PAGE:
Business is social by nature – even without a “CSR” agenda
One of the more irritating suggestions that people make in the debate about “corporate social responsibility” (CSR) is that “businesses should put something back into society”. Entered into google as a string, the phrase produces 21.7 million hits, with small variations producing many millions more.
I sometimes wonder, when I go to the local newspaper shop and purchase a newspaper for £1, whether I should say to the vendor before I leave – “having sold me a newspaper, I hope that you will now put something back into society”. Getting up at 5am, taking risks with very little capital to fall back on and providing communities with newspapers at a reasonable price is not enough it would appear.
Of course, when people use that line of argument, they are not talking about the corner shop, they are talking about Tesco, or Starbucks or PC World. But the argument is the same. Why if Tesco profits from selling a newspaper is it time for them to “put something back into society” whereas if the corner shop sells a newspaper people appreciate that they are providing a good service at a reasonable price?
The raison d’etre of a business is to put something into society by being a business. The provision of cheap and plentiful food in good condition; the development and supply of computers with ever-greater functionality; the provision of a cup of cappuccino that does not involve the buyer having to go through the expensive and laborious process of buying the machinery and making the coffee himself are all activities that put something into society. Why is it that businesses are caricatured as “taking out of society” when they behave as businesses but “putting something into society” when they spend money on community projects and the like?
More generally in the debate on corporate social responsibility, there should be no reason for businesses to make a special effort to be “social”. Business, by its nature, is a social activity. Businesses are free associations of persons put together for a common objective. That common objective, furthermore, can only be achieved by interacting with others in the community – mainly by providing goods and services that people wish to buy.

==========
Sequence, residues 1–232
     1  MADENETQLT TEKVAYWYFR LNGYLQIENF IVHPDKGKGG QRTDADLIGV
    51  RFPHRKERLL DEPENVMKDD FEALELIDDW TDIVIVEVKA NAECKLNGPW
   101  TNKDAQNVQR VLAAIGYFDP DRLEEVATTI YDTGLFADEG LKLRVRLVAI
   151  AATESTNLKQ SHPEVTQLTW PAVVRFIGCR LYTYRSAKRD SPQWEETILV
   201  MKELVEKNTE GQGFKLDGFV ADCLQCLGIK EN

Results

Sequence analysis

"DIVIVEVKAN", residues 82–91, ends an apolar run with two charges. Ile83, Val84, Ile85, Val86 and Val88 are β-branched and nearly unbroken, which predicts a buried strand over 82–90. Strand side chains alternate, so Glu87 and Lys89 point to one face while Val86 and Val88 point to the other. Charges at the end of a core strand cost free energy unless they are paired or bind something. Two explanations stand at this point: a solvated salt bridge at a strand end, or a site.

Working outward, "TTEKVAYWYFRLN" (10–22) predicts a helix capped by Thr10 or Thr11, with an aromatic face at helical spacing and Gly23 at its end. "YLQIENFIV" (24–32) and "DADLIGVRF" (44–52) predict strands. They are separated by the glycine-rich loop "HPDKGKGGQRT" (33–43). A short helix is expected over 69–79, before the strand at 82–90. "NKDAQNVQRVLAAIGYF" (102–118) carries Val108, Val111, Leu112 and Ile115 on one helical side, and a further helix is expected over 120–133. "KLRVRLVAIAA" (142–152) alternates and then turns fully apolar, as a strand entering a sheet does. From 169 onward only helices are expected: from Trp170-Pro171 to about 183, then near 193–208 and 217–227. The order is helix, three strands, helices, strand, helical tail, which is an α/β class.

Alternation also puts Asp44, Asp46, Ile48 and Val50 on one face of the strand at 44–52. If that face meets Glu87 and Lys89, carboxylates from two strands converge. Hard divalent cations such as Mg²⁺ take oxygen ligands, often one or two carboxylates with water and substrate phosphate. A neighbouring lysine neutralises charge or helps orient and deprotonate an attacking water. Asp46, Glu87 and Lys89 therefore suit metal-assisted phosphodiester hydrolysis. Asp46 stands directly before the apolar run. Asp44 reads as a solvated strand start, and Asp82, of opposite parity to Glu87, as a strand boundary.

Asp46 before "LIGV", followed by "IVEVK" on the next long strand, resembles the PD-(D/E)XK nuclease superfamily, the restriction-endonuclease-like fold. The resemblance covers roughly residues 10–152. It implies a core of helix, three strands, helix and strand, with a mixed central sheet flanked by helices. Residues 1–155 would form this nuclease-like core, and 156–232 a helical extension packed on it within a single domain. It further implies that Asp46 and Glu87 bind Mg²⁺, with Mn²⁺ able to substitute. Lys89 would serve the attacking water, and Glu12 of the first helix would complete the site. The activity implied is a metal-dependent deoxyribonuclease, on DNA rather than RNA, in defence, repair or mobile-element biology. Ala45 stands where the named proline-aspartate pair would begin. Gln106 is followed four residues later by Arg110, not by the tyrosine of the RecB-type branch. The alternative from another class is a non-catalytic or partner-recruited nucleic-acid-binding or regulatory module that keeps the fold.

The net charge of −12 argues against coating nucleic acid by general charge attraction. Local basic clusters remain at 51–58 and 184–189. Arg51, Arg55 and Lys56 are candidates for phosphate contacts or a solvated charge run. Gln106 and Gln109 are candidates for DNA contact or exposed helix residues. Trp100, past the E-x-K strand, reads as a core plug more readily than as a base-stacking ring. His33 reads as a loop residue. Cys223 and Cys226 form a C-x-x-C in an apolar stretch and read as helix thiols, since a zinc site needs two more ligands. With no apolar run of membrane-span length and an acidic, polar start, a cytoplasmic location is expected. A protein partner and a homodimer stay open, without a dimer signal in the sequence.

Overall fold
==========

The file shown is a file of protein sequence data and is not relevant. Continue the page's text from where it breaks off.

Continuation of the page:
Should businesses be responsible? Of course they should. All individuals and all organisations should behave in a civil and responsible manner. However, this does not require businesses to have specific objectives that might, indeed, undermine their whole purpose. In fact, proponents of corporate social responsibility – that is proponents of businesses having specific programmes and objectives that explicitly promote aims other than maximising owner value – seem to want businesses to undertake tasks for which they are not suited but towards which other corporations and associations are, in fact, specifically oriented.
The latest edition of Economic Affairs covers these issues in more detail with articles from Elaine Sternberg, David Henderson and Stephen Copp, with Sushil Mohan and Alistair Smith writing specifically about fair trade. Enjoy Christmas, but please don’t campaign for businesses to behave like Santa Claus.